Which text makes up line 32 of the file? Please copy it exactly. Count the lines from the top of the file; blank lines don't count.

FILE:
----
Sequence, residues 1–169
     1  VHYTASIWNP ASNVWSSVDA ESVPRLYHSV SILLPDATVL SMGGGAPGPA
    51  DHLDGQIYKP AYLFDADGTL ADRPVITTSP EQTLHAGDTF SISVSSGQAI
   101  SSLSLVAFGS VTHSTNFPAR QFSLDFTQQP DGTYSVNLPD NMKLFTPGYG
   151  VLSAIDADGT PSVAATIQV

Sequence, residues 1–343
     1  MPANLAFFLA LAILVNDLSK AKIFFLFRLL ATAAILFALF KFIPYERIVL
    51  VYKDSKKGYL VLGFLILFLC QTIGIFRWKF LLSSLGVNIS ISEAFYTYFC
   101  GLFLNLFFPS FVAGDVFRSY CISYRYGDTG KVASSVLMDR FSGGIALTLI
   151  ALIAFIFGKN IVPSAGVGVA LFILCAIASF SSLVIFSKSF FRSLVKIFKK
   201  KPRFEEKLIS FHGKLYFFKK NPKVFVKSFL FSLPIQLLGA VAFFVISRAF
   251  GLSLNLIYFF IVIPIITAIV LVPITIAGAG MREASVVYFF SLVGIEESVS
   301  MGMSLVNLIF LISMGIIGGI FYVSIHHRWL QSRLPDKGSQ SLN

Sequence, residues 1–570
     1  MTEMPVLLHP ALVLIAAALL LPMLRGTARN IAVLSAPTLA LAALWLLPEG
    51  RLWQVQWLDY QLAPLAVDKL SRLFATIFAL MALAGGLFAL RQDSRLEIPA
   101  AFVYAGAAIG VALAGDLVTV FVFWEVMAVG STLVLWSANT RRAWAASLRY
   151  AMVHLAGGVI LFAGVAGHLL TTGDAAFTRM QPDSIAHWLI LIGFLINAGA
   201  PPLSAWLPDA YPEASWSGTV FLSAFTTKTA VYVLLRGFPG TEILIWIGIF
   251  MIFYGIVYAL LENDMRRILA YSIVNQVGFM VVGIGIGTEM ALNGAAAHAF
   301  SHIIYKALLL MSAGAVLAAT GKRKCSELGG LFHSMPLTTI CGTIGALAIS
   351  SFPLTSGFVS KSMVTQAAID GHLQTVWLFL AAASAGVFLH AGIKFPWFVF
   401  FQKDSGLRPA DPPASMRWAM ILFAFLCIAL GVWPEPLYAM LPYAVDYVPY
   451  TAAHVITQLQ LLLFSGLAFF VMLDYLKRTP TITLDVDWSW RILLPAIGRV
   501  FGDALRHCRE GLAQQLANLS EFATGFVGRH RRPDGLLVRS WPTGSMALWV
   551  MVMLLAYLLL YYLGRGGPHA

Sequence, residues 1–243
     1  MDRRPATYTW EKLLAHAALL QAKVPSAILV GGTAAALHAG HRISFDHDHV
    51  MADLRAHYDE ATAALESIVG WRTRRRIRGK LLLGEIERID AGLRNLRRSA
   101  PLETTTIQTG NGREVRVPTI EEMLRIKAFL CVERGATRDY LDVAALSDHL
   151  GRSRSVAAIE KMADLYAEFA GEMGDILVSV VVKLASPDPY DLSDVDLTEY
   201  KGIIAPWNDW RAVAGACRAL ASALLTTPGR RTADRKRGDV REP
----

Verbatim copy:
   201  KGIIAPWNDW RAVAGACRAL ASALLTTPGR RTADRKRGDV REP